If I'm ever sued, this site will go up for sale for the amount of damages sought, along with posting any documents I receive. If you think you can copyright a letter you send to me, go for it.
I'm still learning about blog design and I've found a problem when viewing this blog. It does not behave properly in small browser windows and if your display resolution is less than 1280 pixels wide and/or you are viewing the blog in a window less than 980 pixels blog wide, the right side bar is pushed below any visible post. I've searched the web and looked at the code for hours but can't find the problem. My next step, when I get the time, is to recreate the blog with a new template. Advice is appreciated.

Tuesday, June 16, 2009

Mr. Brett McMahon - VP Miller & Long on the EFCA

I spoke with Mr. McMahon, VP of Business Development at Miller & Long Concrete Construction and he gave permission to reprint his article in it's entirety.
I'm an outsider with no ties to Miller & Long and in fact, never heard of the company until a couple of days ago. The Internet is a wonderful thing and information is at everyones fingertips. What about Miller & Long?
First, you can Google "Miller & Long Concrete Construction" and find NOTHING negative, other than posts by LASER, Inc. (Legal And Safety Employee Research) publishing on The Concrete Facts. Call me skeptical but these folks run slick, professional websites and I suspect I'll have to "follow the money" to see where the bias's are. Not for a second do I believe it's all "public service". I take the lack of negative information as a pretty good sign the company is doing business the right way.
The company was formed in 1947 (the year I was born :-) and is now the largest concrete contractor in the U.S. Miller & Long has received numerous awards including the Engineering News Record Number One Concrete Construction Company in the U.S. for the last four years in a row. I know nothing about concrete but it seems pretty impressive to me.
I'll sum up my feelings by saying I see a profitable company, in business for 62 years, with thousands of employees, being threatened because unions don't want to compete on a level playing field. If the majority (50% +1) of the employees wanted a union, they'd have one. Seems pretty simple to me.

Mr. McMahon:

The Employee Free Choice Act Could Kill My Company

Tuesday, April 14th, 2009 by Brett McMahon

My company has been operating for more than sixty years — six decades — to build the American dream. We have been named America’s top concrete construction firm in four of the last five years. So take it seriously when I warn:The Employee Free Choice Act could kill my company, and many like it.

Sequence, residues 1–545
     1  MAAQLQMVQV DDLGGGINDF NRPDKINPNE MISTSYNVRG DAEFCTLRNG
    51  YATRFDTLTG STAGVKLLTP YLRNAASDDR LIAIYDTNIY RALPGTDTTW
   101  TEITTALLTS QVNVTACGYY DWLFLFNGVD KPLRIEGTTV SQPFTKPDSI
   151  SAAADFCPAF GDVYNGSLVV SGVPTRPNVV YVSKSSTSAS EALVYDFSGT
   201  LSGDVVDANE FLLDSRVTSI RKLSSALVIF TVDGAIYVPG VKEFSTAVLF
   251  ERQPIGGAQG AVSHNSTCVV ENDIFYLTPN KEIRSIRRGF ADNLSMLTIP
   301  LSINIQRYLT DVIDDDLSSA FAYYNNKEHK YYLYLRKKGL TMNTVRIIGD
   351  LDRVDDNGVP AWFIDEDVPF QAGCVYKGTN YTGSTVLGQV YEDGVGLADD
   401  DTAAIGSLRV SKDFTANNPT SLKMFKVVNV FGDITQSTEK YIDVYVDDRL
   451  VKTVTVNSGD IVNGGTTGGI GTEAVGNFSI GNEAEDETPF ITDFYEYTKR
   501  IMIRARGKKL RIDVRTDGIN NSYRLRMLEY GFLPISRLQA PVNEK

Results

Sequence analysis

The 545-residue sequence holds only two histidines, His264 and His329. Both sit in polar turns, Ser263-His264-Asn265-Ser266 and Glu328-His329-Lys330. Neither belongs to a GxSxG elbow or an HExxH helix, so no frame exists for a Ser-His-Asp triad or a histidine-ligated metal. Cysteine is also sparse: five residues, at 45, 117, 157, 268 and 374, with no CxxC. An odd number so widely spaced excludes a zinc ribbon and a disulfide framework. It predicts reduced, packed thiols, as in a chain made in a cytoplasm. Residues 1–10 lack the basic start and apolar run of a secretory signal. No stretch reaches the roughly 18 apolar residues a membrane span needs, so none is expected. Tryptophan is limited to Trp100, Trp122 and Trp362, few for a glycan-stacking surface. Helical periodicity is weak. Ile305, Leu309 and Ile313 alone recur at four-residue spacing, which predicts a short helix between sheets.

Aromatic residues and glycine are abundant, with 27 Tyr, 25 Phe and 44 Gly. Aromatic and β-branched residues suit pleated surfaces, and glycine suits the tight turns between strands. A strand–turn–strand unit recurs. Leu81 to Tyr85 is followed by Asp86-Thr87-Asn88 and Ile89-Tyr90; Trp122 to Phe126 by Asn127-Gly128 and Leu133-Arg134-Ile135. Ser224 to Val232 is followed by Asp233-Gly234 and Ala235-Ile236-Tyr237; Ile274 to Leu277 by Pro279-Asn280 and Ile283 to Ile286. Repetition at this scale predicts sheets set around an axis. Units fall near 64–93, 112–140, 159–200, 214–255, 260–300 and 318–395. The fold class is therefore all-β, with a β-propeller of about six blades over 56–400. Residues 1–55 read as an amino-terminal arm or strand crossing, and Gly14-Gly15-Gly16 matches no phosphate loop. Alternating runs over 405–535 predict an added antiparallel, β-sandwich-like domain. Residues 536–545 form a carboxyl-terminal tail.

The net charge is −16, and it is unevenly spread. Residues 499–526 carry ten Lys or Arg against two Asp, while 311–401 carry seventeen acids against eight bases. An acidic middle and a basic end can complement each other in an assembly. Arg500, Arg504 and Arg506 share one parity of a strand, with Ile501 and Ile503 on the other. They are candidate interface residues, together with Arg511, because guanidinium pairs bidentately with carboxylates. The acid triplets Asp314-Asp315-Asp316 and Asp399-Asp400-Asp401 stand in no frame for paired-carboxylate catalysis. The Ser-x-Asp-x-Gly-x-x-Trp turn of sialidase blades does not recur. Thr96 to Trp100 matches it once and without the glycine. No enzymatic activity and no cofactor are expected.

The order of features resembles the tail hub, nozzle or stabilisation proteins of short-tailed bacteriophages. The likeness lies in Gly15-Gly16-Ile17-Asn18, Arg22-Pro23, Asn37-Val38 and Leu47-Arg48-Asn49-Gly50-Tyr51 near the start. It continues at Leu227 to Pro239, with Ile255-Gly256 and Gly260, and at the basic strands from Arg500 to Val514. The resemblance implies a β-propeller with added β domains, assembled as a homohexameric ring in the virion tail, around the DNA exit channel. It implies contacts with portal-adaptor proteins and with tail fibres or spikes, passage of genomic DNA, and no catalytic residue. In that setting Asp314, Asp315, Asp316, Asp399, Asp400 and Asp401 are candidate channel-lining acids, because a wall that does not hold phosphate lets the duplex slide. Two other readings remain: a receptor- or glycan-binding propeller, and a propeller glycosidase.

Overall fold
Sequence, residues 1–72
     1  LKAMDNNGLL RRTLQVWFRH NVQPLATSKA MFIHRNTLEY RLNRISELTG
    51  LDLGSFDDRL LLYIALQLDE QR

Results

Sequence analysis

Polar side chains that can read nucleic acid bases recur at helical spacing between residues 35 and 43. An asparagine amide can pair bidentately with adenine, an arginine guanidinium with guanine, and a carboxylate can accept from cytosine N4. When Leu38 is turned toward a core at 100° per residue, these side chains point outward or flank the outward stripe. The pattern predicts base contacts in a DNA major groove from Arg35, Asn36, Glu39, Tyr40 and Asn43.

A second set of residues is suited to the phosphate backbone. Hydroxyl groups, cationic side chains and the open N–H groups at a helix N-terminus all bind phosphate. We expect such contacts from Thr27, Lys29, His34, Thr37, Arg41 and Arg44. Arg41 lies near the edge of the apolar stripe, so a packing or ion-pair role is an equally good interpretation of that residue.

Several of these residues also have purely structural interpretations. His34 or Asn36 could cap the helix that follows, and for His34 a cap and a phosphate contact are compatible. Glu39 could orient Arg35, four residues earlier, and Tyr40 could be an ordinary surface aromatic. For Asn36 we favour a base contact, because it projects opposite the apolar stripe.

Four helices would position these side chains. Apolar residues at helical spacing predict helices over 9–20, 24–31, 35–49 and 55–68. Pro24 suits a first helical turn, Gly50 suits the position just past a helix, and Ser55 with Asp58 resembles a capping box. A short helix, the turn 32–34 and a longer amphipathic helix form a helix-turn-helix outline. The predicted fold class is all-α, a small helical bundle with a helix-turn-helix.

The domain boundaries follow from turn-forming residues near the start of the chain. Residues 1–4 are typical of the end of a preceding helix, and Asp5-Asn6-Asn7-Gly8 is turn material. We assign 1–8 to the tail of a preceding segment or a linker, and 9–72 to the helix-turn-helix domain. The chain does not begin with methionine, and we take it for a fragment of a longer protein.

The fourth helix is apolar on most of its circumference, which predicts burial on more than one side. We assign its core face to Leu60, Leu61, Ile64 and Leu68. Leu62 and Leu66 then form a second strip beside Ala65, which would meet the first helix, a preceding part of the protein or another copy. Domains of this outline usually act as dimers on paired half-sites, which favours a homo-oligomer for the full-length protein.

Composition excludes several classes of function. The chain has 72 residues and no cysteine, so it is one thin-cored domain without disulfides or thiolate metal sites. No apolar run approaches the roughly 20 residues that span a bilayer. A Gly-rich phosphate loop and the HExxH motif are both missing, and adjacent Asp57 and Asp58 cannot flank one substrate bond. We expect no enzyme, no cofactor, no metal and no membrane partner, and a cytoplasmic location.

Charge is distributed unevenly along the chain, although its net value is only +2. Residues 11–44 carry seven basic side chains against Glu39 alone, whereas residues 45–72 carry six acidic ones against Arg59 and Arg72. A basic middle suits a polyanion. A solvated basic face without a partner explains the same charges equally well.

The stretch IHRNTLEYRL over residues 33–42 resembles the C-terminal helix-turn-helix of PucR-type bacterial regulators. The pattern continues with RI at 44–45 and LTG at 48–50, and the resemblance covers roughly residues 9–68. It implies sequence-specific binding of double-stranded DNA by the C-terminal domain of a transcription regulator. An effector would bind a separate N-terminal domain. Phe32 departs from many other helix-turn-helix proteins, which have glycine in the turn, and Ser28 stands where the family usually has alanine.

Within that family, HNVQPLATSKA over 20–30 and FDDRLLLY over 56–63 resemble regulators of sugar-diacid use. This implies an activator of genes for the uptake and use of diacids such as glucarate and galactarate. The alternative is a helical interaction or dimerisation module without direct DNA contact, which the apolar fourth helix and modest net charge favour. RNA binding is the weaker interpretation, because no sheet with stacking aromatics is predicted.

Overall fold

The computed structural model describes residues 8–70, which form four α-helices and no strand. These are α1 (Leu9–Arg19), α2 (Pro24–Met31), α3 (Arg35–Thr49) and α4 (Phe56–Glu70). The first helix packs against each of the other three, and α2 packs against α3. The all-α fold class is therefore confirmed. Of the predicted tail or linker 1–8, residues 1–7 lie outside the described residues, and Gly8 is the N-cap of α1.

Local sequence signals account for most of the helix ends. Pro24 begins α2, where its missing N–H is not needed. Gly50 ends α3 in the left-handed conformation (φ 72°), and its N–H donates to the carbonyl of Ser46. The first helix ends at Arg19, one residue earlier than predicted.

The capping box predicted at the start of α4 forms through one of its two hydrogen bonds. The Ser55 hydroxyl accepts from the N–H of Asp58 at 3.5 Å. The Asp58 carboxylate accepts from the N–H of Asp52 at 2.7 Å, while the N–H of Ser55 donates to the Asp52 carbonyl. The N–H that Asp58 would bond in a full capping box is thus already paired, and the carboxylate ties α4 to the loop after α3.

EFCA, known by many as the “card check” bill is an absolute abomination. Its card check provision would allow union organizers to harass thousands of my company’s employees. Its “binding arbitration” provision would substitute the judgment of a government-imposed busybody for decades of practical know-how developed during the building of a successful company within the free enterprise system. That’s why this fight is personal for me, my family, and thousands of our employees.

The fallout from EFCA could be severe. From a business perspective, it would make the already-difficult economy even tougher because the labor market would be much less flexible. And the notion of having the government dictate terms of private contracts is mystifying. But from an employee’s perspective, there is worry that the large economic effect of EFCA will be massive job loss.

That this issue is alive at all is a testament to the fact that workplace issues are complex and arcane. Most people have no daily experience with union organizing laws — and it’s an area that’s still misunderstood by those who do deal with the subject. Many people wrongly believe unions do not have fair access to “pitch” employees on their service. Nothing could be further from the truth.

Organized labor has relied on these misperceptions because it desperately needs to pass EFCA (or some form of it) to usher in millions of new members and their dues dollars. Of course, if a private business like mine asked the government to pass a law virtually forcing people to pay for my service, there would be unstoppable outrage (much as we have seen from citizens and editorial boards who are aware of EFCA). In part, organized labor needs to continue to fund its political operations. A lesser known concern is that many union-run pension funds have run out of sufficient membership to keep the funds solvent and, consequently, unions are seeking ways to get more people “in the door” to stay afloat.

Whatever the reason EFCA is pushed by a special interest, it is not in the interest of working Americans or the free enterprise system. We, and our elected leaders, must continue our promising fight against EFCA and any “compromise” that harms employee rights and the health of our economy.

1 comment:

  1. Miller and long is no longer the largest concrete company in the U.S....As of June 16, 2009 they have laid off 2000 workers and cut everybodies pay by 10%...Everybodies pay except Danny Burkes...He was made President last year and the company is now gone to shit...They got rid of all they high paid people and now if they get busy again they'll promote the laborers to superintendents...When you laid off the high paid people you also got rid of the brains of the company...This company is now destinded to fail completely..,I am a 28 year veteran of the company who was let go...